University wins $1.5bn patent suit
A federal judge has ordered US chip maker Marvell Technology Group to pay $1.5bn (£900m) to Carnegie Mellon University for infringing two hard-disk patents.
The university had been seeking damages of up to $3.7bn, and a jury had previously awarded it $1.1bn.
Marvell said it planned to appeal.
In her summing up, the judge said the "enhanced damages" were justified because it had deliberately copied the university's patents.
"This award is sufficient to penalise Marvell for its egregious behaviour and to deter future infringement activities," wrote Nora Barry Fischer.
She rejected the university's request to triple damages, saying that would "severely prejudice" Marvell and perhaps threaten its survival.
K&L Gates, the law firm representing Carnegie Mellon University told the BBC: "We are reviewing Judge Fischer's latest opinion and are pleased that the court addressed both Marvell's continuing and wilful infringement.
"We understand that Marvell intends to appeal, and we look forward to the federal circuit vindicating Carnegie Mellon University's intellectual property rights just as Judge Fischer did."Real-world chips
The case concerned patents issued in 2001 and 2002 that relate to how accurately hard-disk drives detect data stored on the drives.
Carnegie Mellon said at least nine Marvell chip boards incorporated the patents, amounting to billions of chips worldwide.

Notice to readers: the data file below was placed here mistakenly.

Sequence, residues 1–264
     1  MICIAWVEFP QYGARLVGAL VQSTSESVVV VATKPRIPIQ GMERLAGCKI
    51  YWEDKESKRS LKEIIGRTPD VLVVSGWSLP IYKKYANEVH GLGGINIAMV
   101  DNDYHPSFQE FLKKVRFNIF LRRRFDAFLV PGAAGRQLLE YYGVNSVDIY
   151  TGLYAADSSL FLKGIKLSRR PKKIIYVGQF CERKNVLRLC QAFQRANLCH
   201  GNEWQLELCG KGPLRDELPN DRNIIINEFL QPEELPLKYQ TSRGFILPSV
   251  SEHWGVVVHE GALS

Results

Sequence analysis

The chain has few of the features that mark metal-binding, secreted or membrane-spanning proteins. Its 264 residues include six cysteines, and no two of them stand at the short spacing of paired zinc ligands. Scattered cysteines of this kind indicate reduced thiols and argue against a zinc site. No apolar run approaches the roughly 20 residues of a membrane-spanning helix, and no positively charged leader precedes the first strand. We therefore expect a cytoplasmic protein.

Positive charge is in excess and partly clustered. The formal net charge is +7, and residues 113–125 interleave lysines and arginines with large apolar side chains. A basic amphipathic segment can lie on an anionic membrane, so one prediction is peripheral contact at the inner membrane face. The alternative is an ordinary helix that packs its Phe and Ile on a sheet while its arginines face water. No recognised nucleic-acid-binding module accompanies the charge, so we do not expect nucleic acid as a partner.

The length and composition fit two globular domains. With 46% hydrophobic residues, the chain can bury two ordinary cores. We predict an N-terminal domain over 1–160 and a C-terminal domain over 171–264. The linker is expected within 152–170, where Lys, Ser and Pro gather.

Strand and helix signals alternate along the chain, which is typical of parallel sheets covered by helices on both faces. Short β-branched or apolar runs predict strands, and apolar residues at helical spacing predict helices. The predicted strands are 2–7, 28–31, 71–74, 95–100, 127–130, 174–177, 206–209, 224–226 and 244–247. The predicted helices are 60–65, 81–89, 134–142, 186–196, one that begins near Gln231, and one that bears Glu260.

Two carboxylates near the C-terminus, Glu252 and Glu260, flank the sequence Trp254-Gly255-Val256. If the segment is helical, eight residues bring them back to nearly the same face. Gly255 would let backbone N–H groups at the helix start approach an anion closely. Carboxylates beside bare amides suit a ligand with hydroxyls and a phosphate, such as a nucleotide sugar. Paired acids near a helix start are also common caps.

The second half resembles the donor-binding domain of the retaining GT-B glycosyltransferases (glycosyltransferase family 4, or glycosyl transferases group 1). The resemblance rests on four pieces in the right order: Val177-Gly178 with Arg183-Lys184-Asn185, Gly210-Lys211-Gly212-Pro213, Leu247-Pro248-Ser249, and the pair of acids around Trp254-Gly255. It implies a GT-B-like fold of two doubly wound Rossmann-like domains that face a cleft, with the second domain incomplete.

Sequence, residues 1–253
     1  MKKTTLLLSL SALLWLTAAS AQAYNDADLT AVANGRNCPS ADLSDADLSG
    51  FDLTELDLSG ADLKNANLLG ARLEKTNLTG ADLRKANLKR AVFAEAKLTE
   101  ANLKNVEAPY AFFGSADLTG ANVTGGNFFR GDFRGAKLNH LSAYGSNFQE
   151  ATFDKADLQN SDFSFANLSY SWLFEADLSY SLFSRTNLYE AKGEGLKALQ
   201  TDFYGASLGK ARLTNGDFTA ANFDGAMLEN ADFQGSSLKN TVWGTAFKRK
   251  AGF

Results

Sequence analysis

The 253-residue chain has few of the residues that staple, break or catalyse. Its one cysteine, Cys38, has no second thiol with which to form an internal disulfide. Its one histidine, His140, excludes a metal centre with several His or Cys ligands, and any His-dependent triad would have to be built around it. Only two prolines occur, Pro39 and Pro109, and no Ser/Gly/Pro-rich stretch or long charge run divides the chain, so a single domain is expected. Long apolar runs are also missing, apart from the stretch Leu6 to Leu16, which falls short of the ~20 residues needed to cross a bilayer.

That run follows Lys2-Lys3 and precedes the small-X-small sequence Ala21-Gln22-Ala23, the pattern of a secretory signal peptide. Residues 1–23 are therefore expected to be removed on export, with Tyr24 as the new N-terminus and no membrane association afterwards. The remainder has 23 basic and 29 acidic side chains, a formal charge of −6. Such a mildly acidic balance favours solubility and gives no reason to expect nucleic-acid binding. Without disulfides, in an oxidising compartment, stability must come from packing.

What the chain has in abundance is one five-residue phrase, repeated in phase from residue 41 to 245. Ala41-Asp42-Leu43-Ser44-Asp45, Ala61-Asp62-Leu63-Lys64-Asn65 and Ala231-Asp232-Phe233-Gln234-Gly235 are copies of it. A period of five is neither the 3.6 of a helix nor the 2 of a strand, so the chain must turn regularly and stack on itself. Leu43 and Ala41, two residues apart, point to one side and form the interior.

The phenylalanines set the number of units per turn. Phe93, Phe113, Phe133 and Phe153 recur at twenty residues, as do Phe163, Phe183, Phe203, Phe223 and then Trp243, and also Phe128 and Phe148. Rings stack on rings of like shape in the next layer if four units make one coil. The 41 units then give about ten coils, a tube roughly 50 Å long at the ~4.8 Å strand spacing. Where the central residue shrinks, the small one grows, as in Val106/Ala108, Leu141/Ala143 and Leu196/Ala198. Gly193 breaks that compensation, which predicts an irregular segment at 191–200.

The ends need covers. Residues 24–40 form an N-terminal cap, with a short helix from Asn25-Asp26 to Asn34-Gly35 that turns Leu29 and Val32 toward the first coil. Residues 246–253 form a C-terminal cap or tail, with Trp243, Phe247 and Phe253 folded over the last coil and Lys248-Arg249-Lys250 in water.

In 2009 it sued the chip maker and it later emerged the company had been aware it had been infringing the patents for at least seven years prior to the legal action.
Marvell had said the technology described in Carnegie Mellon's patent was "so complex that it cannot be implemented in real-world silicon chips".
The initial award of $1.17bn in December 2012 was the third largest ever in a patent case at the time.
Patent lawyer Andrew Alton said: "Lots of very significant technology has come out of universities and it is not unusual for them to enforce them.
"Neither are massive pay-outs unusual." he said.
The appeal will, according to Mr Alton, be heard by a more specialised patent court, which should be able to rule on both whether the patents were infringed and whether the awarded damages were proportionate.